Change search
CiteExportLink to record
Permanent link

Direct link
Cite
Citation style
  • apa
  • harvard1
  • ieee
  • modern-language-association-8th-edition
  • vancouver
  • Other style
More styles
Language
  • de-DE
  • en-GB
  • en-US
  • fi-FI
  • nn-NO
  • nn-NB
  • sv-SE
  • Other locale
More languages
Output format
  • html
  • text
  • asciidoc
  • rtf
Contribution of organic arsenic species to total arsenic measurements using ferrihydrite-backed diffusive gradients in thin films (DGT)
Luleå University of Technology, Department of Civil, Environmental and Natural Resources Engineering, Geosciences and Environmental Engineering.ORCID iD: 0000-0002-4732-7348
Luleå University of Technology, Department of Civil, Environmental and Natural Resources Engineering, Geosciences and Environmental Engineering.ORCID iD: 0000-0003-2276-0564
2012 (English)In: Environmental Chemistry, ISSN 1448-2517, E-ISSN 1449-8979, Vol. 9, no 1, p. 55-62Article in journal (Refereed) Published
Abstract [en]

In previous publications discussing arsenic determination using ferrihydrite-backed diffusive gradients in thin films (DGT) devices, organic arsenic forms have been disregarded, even though it is known that the two most prevalent in natural waters, dimethylarsinate (DMA) and monomethylarsonate (MMA), may adsorb to ferrihydrite and thereby be included in the measurement. In this work the accumulation of DMA and MMA, as well as inorganic arsenite and arsenate, to ferrihydrite-backed DGT devices was investigated. It could be demonstrated that MMA, and under acidic conditions also DMA, adsorbed to the binding layer and might therefore contribute to the total mass of measured arsenic. Diffusion coefficients were measured for all four species to enable quantification of DGT-labile concentrations of organic and inorganic arsenic. Elution of the analytes from the ferrihydrite binding layer was performed using 1 mL of 1 M NaOH to facilitate arsenic speciation analysis using chromatographic separation. Average recovery rates were between 87 and 108%. This study shows that the contribution of DMA and MMA to the total accumulated mass must be taken into consideration when evaluating DGT data in future studies.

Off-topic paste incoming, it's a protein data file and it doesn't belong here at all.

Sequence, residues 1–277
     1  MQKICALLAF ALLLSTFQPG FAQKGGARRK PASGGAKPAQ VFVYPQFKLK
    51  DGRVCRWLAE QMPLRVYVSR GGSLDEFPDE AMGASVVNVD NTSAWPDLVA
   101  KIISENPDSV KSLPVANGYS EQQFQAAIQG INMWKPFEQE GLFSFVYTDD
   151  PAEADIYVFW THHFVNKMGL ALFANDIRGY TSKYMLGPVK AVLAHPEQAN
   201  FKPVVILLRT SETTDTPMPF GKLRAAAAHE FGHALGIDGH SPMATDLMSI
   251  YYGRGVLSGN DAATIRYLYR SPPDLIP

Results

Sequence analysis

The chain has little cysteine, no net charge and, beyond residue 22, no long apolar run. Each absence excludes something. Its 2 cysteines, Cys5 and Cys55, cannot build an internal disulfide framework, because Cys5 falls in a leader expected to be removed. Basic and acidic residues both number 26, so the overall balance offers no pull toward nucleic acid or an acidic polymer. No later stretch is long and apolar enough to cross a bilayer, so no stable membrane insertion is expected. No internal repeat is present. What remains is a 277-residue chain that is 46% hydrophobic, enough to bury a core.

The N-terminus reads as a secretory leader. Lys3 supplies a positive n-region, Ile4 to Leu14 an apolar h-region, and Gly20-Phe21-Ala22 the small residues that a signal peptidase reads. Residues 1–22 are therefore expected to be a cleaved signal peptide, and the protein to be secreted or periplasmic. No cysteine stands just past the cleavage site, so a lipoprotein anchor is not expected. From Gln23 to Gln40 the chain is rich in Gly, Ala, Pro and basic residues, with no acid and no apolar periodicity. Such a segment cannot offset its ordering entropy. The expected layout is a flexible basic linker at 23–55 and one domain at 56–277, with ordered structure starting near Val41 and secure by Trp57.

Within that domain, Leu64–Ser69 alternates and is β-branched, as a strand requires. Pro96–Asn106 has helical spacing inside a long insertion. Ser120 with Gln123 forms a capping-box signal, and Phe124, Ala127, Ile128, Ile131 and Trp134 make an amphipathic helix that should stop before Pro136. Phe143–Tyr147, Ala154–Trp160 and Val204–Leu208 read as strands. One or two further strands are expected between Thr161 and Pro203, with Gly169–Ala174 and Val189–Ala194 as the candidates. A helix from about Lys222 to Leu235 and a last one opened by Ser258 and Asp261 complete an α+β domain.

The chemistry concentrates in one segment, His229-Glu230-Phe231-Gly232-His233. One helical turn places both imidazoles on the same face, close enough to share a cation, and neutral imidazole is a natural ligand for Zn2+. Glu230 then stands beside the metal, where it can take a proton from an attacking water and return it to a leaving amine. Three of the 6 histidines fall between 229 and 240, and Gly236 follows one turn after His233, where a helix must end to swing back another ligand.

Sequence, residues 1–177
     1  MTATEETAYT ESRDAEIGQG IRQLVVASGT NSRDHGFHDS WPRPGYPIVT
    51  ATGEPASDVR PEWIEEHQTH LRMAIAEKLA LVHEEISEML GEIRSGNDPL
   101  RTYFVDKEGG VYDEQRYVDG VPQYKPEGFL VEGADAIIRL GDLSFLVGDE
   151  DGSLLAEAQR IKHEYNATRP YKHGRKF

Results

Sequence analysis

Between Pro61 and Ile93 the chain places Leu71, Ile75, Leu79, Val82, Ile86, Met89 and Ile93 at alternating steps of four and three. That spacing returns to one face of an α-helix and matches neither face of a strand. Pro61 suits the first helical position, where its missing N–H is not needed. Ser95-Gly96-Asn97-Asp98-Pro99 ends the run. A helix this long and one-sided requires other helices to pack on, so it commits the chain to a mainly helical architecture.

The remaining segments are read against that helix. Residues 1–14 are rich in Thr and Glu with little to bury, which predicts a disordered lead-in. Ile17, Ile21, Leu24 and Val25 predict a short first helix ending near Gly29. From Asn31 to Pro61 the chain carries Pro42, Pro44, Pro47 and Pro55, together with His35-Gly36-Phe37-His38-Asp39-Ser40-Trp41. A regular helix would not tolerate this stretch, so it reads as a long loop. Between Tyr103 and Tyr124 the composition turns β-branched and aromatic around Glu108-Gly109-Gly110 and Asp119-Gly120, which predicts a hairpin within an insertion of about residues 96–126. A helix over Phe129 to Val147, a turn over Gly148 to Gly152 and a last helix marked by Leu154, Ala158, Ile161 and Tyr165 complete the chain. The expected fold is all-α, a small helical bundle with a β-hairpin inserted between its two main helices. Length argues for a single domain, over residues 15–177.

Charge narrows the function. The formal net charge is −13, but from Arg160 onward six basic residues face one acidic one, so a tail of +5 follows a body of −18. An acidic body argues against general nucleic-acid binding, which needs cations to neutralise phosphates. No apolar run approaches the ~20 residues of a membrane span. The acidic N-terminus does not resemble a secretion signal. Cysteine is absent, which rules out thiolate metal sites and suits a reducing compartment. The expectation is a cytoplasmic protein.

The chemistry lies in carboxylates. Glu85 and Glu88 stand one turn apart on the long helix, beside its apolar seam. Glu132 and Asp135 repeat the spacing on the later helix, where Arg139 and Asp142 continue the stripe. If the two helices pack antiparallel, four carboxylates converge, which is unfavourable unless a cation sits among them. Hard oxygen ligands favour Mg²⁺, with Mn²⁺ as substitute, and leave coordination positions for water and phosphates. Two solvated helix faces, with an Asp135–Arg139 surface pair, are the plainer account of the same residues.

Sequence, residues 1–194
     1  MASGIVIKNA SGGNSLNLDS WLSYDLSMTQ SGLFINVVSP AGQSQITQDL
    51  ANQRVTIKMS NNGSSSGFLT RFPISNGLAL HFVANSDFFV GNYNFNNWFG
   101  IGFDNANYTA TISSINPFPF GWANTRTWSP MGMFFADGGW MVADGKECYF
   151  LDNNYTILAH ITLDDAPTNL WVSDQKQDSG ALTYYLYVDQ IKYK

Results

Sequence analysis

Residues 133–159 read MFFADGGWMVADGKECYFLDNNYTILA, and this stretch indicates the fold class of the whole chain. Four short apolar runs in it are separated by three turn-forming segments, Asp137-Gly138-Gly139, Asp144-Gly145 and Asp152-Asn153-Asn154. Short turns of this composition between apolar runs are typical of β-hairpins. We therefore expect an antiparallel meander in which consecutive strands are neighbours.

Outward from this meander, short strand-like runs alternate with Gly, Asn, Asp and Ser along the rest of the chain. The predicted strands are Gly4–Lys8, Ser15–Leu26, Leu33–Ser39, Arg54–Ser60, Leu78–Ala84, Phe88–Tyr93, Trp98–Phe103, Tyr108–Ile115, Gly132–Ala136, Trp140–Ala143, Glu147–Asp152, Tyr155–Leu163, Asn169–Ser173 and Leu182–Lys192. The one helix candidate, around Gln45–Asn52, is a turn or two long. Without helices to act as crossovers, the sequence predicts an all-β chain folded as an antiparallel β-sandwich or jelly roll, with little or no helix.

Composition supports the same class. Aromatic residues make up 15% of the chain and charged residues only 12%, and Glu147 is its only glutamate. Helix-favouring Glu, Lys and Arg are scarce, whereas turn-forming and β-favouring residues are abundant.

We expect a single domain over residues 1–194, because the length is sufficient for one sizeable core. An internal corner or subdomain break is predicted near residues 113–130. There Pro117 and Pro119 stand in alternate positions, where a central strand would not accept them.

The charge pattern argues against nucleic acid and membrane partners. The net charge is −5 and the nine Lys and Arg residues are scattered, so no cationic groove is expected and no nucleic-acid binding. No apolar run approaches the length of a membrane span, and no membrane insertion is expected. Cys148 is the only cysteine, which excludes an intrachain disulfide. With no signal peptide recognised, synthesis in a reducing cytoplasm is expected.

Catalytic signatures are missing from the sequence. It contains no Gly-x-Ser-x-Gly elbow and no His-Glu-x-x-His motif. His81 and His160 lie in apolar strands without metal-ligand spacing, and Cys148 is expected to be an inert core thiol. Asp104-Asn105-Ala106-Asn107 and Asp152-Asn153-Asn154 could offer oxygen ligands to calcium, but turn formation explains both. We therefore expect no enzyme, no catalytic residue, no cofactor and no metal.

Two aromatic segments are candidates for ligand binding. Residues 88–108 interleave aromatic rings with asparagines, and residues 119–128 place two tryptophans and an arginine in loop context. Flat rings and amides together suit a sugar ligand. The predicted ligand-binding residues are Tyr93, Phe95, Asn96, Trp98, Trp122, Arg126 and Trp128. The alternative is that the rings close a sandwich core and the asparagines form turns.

Place, publisher, year, edition, pages
2012. Vol. 9, no 1, p. 55-62
National Category
Geochemistry
Research subject
Applied Geology
Identifiers
URN: urn:nbn:se:ltu:diva-5613DOI: 10.1071/EN11057ISI: 000300656800002Scopus ID: 2-s2.0-84857513440Local ID: 3c2cc5af-dd36-45d3-8273-e60c6c110c77OAI: oai:DiVA.org:ltu-5613DiVA, id: diva2:978487
Note
Validerad; 2012; 20120305 (helost)Available from: 2016-09-29 Created: 2016-09-29 Last updated: 2018-07-10Bibliographically approved

Open Access in DiVA

No full text in DiVA

Other links

Publisher's full textScopus

Authority records BETA

Österlund, HeleneIngri, JohanBaxter, Douglas

Search in DiVA

By author/editor
Österlund, HeleneIngri, JohanBaxter, Douglas
By organisation
Geosciences and Environmental Engineering
In the same journal
Environmental Chemistry
Geochemistry

Search outside of DiVA

GoogleGoogle Scholar

doi
urn-nbn

Altmetric score

doi
urn-nbn
Total: 51 hits
CiteExportLink to record
Permanent link

Direct link
Cite
Citation style
  • apa
  • harvard1
  • ieee
  • modern-language-association-8th-edition
  • vancouver
  • Other style
More styles
Language
  • de-DE
  • en-GB
  • en-US
  • fi-FI
  • nn-NO
  • nn-NB
  • sv-SE
  • Other locale
More languages
Output format
  • html
  • text
  • asciidoc
  • rtf